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Accounts Receivable Job Description

An Accounts Receivable Specialist has many duties, which include being responsible for billing clients, verifying transactions, monitoring incoming payments, and spotting accounting discrepancies.

What is Accounts Receivable?


Accounts Receivable Specialists provide financial information about the organization to management. Professionals must apply accounting principles and handle work that is analytical, evaluative, and advisory in nature and that requires an understanding of both accounting theory and practice.


This role utilizes knowledge of the fundamental doctrines, theories, principles and terminology of accountancy, and often entails some understanding of such related fields as business law, statistics and general management.


Education Requirements

  • 0-2 years of experience in the field or in a related field
  • Bachelor’s degree in accounting or a related field
  • Certified Public Accountant
  • Master’s degree in Accounting or Business Administration

Accounts Receivable Essential Skills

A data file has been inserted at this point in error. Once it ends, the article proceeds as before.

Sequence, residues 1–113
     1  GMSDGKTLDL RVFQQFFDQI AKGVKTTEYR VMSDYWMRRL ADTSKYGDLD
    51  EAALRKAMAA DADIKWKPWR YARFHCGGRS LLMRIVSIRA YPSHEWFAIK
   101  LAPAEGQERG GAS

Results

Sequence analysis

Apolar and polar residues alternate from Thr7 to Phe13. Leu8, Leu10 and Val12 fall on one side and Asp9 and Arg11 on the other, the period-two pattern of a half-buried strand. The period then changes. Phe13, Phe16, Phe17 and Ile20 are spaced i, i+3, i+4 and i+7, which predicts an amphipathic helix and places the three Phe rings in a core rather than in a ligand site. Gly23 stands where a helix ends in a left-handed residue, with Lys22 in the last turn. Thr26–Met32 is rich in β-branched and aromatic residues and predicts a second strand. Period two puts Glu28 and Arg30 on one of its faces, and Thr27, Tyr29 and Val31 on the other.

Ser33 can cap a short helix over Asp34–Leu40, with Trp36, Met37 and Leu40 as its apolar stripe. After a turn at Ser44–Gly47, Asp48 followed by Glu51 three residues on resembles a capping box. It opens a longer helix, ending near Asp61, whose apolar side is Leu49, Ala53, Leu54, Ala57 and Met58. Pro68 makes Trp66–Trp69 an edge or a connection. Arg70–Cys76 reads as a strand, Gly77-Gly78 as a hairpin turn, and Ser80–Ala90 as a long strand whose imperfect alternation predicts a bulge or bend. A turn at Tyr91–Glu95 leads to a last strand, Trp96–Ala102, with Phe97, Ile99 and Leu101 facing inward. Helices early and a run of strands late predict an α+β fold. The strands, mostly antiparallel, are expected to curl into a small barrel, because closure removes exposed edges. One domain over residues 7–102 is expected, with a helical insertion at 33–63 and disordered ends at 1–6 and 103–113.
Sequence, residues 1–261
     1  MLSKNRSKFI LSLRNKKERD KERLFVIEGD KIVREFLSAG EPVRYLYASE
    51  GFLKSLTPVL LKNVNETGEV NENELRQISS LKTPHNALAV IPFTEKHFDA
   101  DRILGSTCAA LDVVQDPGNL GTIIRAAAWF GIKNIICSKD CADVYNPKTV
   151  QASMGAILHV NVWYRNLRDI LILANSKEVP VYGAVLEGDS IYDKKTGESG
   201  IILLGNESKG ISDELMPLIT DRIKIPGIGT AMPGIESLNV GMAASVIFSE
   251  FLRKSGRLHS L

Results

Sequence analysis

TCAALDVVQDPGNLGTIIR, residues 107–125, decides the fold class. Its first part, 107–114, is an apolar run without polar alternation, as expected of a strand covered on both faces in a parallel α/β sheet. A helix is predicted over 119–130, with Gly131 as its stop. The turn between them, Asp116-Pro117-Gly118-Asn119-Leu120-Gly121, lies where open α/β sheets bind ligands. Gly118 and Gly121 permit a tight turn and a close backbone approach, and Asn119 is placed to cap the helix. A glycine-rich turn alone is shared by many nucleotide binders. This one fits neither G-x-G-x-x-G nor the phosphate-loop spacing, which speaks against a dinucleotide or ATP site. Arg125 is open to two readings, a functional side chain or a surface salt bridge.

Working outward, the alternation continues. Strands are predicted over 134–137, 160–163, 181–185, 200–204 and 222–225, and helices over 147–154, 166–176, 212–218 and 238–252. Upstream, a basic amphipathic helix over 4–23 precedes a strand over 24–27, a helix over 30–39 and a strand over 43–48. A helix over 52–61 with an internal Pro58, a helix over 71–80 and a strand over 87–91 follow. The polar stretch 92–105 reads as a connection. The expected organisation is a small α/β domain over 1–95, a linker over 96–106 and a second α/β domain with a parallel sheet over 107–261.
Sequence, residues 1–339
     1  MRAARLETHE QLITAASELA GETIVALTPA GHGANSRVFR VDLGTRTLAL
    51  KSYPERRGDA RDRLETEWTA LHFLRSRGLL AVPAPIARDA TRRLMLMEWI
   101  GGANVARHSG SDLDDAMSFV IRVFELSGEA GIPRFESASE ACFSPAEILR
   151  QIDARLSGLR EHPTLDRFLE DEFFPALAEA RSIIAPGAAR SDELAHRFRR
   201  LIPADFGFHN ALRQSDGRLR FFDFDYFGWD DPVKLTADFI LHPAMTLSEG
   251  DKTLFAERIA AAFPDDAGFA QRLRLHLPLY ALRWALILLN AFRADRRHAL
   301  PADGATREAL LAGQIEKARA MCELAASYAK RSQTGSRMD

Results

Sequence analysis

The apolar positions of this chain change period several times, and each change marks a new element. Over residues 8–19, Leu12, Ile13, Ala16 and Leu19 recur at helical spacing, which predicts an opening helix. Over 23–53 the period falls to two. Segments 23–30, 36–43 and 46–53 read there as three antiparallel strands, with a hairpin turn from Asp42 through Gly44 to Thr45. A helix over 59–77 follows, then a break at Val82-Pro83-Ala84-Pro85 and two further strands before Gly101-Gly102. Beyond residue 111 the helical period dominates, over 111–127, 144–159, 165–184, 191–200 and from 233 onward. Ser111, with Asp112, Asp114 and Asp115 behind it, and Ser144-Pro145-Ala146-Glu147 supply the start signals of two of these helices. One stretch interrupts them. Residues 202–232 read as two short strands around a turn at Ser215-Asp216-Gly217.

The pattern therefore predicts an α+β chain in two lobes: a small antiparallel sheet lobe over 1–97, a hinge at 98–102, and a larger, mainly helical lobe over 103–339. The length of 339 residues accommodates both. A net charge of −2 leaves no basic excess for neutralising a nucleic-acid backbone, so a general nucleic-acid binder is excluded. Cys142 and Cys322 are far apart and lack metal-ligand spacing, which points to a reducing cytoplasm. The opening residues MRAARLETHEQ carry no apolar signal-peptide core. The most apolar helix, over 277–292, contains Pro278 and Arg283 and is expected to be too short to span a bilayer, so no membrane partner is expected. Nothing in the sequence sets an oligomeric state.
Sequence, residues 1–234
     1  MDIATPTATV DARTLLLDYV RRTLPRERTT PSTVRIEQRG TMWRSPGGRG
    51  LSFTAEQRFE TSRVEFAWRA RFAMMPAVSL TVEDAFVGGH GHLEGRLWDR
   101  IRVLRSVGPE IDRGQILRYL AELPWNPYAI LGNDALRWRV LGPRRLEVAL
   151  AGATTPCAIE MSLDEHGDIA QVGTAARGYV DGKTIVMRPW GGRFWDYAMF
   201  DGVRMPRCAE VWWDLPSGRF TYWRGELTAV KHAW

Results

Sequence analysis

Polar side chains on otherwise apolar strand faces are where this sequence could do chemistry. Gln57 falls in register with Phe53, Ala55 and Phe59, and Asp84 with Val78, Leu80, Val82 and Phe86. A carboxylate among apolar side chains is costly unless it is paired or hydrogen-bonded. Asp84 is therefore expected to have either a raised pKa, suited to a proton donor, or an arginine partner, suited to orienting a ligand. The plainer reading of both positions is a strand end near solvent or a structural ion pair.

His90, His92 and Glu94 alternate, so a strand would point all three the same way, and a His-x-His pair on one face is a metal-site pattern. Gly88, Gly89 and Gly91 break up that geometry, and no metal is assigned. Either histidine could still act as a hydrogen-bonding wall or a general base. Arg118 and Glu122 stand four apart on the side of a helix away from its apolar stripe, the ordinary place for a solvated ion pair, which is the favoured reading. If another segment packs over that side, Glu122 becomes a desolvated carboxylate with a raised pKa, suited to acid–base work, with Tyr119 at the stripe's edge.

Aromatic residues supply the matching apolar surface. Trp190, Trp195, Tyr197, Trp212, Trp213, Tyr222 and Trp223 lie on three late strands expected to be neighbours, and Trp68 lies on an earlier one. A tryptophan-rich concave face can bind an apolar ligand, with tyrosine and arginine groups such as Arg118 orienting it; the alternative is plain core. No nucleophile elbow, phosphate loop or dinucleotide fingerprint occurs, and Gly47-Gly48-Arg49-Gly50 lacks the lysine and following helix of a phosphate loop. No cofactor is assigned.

• Attention to detail
  • Understanding of basic accounting principles and SFAS rules
  • Analytical and problem-solving
  • Self-motivated and collaborative
  • Understanding of accounting software and programs

Accounts Receivable Roles & Responsibilities

  • Ready and maintain financial and business transactions
  • Ensure the company receives payments for goods and services
  • Work with other departments to ensure that the correct amounts are collected in a timely manner
  • Consider the need for new or changed controls
  • Project accounting data to show the effects of proposed plans on capital investments, income, cash position, and overall financial condition
  • Ensure the adequacy of the accounting system as the basis for reporting to management

Day-to-Day Duties

  • Plan the manner in which account structures should be developed or modified
  • Analyze the effects of transactions upon account relationships
  • Evaluate alternative means of treating transactions
  • Secure payment by verifying and posting receipts, and resolving any discrepancies
  • Perform administrative and clerical tasks, such as data entry, preparing invoices, sending bill reminders, filing paperwork, and contacting clients to discuss their accounts

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